Lately, and rather suddenly, T has taken to referring to me as his mom. I truly never really cared - my role was clear enough, regardless of how he referred to me. But I did find it interesting, and wondered what was going on inside.
After all, he has been living away from home, taking community college classes in another city and living with a friend of our family, for six months now. He's stretched and emphasized new aspects of his personality in that time, in magnificent ways. He is wearing new clothes, doing new things, eating new kinds of food, and thinking new thoughts. He is going through a confident, happy phase. At the same time, he talks openly about his pain regarding his younger brother, who is caught up in the probation system. And he calls me now and then when he has an anxiety attack. We chat, while he walks it off, gets something in his stomach, waits it out. I see him becoming all of himself, finding ways for the pain and the happiness to accommodate each other in the day to day, growing into the profound honesty and awareness his life requires of him while allowing himself to have fun. He amazes me.
I thought perhaps his choice to use "mom" of late was made casually. He has always referred to us as "parents" - a word he chose deliberately, when he first came to live with us. He would even introduce me that way: "This is my parent, Lulu." It made sense - he knows his birth mother, and I've spoken to her myself. He's always referred to her as his mom, although he's never lived with her. But "parent" was a role nobody had really played in his life for quite some time.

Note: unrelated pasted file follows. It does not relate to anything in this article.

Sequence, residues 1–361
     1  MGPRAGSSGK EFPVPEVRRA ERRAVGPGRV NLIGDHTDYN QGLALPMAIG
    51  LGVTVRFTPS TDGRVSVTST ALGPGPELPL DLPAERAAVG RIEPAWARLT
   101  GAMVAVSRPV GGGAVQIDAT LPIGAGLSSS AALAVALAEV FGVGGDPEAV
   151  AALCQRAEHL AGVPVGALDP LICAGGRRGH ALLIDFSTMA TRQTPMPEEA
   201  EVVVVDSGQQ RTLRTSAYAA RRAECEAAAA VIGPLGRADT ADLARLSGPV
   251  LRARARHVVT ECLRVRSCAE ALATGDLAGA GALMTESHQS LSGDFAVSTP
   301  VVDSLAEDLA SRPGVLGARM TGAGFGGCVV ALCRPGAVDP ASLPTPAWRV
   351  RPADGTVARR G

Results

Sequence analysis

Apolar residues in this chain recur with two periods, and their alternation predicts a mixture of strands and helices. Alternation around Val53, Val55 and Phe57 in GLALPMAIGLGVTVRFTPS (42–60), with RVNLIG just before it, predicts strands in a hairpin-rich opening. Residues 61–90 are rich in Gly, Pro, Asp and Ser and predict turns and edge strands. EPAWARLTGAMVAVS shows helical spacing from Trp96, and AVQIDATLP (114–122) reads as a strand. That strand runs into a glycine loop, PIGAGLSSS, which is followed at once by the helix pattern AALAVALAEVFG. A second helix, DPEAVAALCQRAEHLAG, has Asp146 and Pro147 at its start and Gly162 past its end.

But anyway, lately, we'd noticed him referring to us as "mom" and "dad" in conversations with other people. This was new. Perhaps it was just easy, now that he no longer lives at home, and he's meeting new people and doesn't need to explain his back story. However, T is rarely casual about anything, and on Mother's Day this year, he gave me a peek inside his heart. He sent me a text that read: "Happy Mother's Day. Thank you for filling the spot my mom wasn't able to. You have been doing a great job of being my mom and I thank you for that. I love you so much."
I was beyond touched, of course. I was dizzy with love, not only because this was an exquisite expression of appreciation and totally unexpected; I was also so awed by him, as I often have been, for choosing his words so carefully, expressing himself so clearly, and for showing his birth mom so much respect, in the same gesture that encompassed me. We are his moms, and I love him for understanding that she simply could not be present for him. That is a source of unspeakable pain, and yet he refers to it so gently. There is really so little rage in his personality, sometimes he astonishes me completely. Where you expect to find it, often, instead, there are bottomless pools of wisdom.
My grandmother always told me you should never date a man who didn't respect his own mother. If that's the sign of a good man, then a man who can respect ALL of his mothers must be truly great.